Leading academic warns of potential skills shortage


27 Mar 2006

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A leading academic acting as a liaison between Lucent Technologies Bell Labs’ €69m investment in Irish research and development (R&D) activities and the university sector here has expressed concern that not enough students are opting for science and technology courses at third level, leading to a potential shortage of much needed PhD graduates.

Dr William Lyons (pictured) is employed by Lucent Technologies Bell Labs Ireland and shares a postdoctoral position with Bell Labs and the Centre for Telecommunications Value Chain Driven Research (CTVR). Prior to commencing an Irish Government postdoctoral fellowship in science, engineering and technology, Lyons lectured in the Department of Electronic and Computer Engineering at the University of Limerick.

Speaking with siliconrepublic.com, Dr Lyons expressed disappointment at recent CAO figures that showed a 5pc decline in Leaving Cert students opting for engineering and technology courses this year. He said that strident efforts should be made to reverse this trend.

“While there has been a strengthening in the jobs market for science and technology jobs, demand for courses in this area isn’t as strong as it should be. These courses are the foundation of research for the knowledge economy and it takes four years to get a basic degree so I would be concerned about the supply chain for gradates in four to seven years. If we want to develop our potential as a R&D location we need a strong supply of PhD graduates.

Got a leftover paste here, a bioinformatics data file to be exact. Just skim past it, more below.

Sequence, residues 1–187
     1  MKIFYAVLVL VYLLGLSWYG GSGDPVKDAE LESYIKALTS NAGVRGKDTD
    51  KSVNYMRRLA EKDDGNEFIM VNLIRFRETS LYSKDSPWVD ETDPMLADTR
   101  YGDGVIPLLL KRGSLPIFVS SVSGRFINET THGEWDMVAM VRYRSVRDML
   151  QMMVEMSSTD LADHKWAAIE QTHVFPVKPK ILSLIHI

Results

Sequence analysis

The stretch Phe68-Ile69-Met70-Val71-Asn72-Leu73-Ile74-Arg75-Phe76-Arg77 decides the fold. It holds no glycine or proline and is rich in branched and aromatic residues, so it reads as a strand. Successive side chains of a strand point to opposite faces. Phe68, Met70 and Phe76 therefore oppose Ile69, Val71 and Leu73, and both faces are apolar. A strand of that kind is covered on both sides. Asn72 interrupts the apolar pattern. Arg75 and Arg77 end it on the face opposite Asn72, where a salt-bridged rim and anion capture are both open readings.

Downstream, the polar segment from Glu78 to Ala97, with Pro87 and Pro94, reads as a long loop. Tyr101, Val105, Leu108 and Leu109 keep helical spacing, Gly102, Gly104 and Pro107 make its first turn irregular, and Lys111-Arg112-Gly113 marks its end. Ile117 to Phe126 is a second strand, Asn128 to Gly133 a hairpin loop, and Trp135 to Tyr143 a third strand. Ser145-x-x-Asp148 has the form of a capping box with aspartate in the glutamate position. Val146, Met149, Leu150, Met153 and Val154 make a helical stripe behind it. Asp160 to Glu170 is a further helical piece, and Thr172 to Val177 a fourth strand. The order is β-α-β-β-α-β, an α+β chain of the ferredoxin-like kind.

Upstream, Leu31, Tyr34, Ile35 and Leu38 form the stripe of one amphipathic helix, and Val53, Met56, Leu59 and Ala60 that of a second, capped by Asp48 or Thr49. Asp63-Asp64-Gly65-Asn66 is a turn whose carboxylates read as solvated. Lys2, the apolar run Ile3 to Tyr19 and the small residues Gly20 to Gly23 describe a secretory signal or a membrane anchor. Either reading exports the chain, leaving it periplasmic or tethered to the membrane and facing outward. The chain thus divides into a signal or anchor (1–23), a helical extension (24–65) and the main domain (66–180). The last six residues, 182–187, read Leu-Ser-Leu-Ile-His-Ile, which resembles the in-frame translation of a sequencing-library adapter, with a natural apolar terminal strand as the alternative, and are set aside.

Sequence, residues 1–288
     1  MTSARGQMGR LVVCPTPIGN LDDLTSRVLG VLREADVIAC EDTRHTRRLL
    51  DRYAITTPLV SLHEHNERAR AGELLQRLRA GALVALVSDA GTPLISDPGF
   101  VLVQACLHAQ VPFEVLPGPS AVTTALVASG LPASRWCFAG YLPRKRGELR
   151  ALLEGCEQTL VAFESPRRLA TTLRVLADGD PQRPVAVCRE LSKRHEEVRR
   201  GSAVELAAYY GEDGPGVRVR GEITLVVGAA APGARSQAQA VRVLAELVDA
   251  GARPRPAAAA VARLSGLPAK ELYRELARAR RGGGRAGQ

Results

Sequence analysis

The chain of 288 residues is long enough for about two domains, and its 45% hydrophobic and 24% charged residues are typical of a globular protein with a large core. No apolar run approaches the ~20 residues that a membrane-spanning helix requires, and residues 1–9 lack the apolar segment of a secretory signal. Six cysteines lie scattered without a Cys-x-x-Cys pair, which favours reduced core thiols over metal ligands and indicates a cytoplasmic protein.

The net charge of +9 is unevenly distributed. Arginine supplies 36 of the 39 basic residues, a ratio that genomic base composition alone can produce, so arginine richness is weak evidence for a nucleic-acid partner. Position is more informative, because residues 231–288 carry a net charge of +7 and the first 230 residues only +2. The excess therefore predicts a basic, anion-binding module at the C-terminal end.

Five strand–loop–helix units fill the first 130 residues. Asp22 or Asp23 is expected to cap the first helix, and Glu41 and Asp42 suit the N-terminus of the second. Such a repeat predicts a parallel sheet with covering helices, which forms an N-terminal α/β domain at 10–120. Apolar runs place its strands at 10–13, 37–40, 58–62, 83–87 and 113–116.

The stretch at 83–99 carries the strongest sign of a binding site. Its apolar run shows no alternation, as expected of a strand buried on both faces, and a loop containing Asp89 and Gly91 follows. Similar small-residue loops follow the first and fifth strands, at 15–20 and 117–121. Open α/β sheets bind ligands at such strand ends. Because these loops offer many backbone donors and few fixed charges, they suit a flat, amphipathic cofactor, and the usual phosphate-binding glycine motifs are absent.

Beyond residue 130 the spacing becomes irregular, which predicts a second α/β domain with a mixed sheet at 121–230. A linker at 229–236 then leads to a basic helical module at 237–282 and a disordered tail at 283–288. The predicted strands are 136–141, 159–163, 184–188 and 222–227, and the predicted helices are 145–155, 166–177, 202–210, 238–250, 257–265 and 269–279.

Exactly a year ago Lucent Technologies Bell Labs opened a €43m research facility in Blanchardstown that aims to harness Irish science and engineering talent while undertaking leading-edge telecommunications research. Bell Labs Ireland plans to employ 40 researchers focussing on a range of supply chain management and product development technologies. Researchers there will work in partnership with nine leading Irish universities and technical institutes in achieving their goals.

The lab is part of a €69m investment package announced by the Government two years ago that has also seen the creation of a cross-university telecommunications research facility, the CTVR based at Trinity College Dublin (TCD). The Bell Labs facility accounts for more than €43m of the total investment and is being jointly funded by Bell Labs and IDA Ireland, while the CTVR is being funded by Science Foundation Ireland as part of its ambitious Centre for Science Engineering and Technology programme.

Lyons continues: “This drop-off in numbers opting for science and technology courses would be a real concern because the students enrolling now are the foundation for taking Ireland to the next level. The Irish government has identified the supply of PhD graduates as vital. There is an urgency to step up efforts to ensure this supply.

“Students that have persevered with science, technology and engineering courses will have their choice in jobs. But if there’s an ongoing fall-off in numbers opting for these courses companies will find it impossible to find the raw material for the knowledge economy that we talk of,” Dr Lyons said.

By John Kennedy